California Cattlemen’s Association v. California Department of Fish and Wildlife

Challenging government regulation in the dark

Cases > Property Rights > California Cattlemen’s Association v. California Department of Fish and Wildlife
Case Status: Lost: The decision from the San Diego Superior Court was adverse.

Representing the California Cattlemen’s Association, PLF filed a petition for writ of mandamus to have declared unlawful the department’s failure to conduct mandatory 5-year status reviews of 233 plant and animal species listed as “endangered” or “threatened” under the California Endangered Species Act (CESA). By abdicating its duty to conduct these mandatory reviews, the state unlawfully failed to determine which species could be downlisted, where such downlisting would restore to landowners productive use of their property.

The California Endangered Species Act requires the Department of Fish and Wildlife to conduct status reviews of species listed as threatened or endangered every five years. The state legislature, in enacting the Act, recognized the immense value that plants and animals bring to California residents. The Act aims to restore threatened and endangered species to the point at which the Act’s protections are no longer needed. That purpose cannot be furthered without knowledge of the current status of California’s wildlife. The mandatory 5-year status reviews provide that knowledge.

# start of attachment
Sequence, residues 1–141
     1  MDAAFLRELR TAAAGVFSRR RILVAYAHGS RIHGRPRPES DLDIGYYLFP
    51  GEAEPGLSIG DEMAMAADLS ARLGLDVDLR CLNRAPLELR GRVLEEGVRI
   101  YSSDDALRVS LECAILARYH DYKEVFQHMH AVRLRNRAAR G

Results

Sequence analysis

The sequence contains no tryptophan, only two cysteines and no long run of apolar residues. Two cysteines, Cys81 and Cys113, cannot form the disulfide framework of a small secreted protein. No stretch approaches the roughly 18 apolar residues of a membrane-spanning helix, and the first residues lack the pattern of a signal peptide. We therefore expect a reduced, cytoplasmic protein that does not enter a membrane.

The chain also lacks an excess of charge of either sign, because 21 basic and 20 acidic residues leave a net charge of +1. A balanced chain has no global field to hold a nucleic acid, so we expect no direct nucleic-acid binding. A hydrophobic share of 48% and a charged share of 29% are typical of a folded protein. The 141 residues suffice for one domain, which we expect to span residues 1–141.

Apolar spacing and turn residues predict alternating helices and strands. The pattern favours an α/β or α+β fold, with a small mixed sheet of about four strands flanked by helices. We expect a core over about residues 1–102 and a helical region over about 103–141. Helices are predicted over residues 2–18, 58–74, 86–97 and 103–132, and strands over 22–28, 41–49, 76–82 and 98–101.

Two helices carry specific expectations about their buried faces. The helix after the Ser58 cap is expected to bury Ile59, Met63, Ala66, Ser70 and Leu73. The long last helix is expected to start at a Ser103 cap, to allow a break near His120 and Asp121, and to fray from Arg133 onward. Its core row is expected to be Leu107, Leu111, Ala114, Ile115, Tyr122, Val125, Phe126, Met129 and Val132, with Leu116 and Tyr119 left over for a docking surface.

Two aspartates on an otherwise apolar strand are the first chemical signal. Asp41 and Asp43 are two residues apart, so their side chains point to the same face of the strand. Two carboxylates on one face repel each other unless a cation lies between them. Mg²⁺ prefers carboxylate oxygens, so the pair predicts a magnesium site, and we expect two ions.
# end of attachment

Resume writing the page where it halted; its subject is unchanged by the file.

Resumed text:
The Department’s failure to conduct mandatory status reviews means that the State and its residents might be wasting millions of dollars to protect species that are actually thriving, potentially at the expense of those species that are actually endangered. And it means that State might be ignoring certain species that need more protection under the Act. Without the status reviews, the government is blindly regulating without any understanding of whether the regulation is needed or effective. This offers no benefit to California’s wildlife. On behalf of the California Cattlemen’s Association, which has many members deprived of the use of their land to benefit listed species, PLF sued to enforce the Act after the Department failed to conduct mandatory reviews for 233 species.

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What’s at stake?

  • Property owners are expending substantial resources to comply with the restrictive provisions of the California Endangered Species Act and to administer recovery plans for species that may not require any governmental protection.
  • Conversely, without status reviews, the government cannot know whether a species’ status should be changed from threatened to endangered, thus providing it with additional protection to ensure its survival.

Case Timeline

Petitioner's Brief in support of MSJ

March 28, 2018 Download

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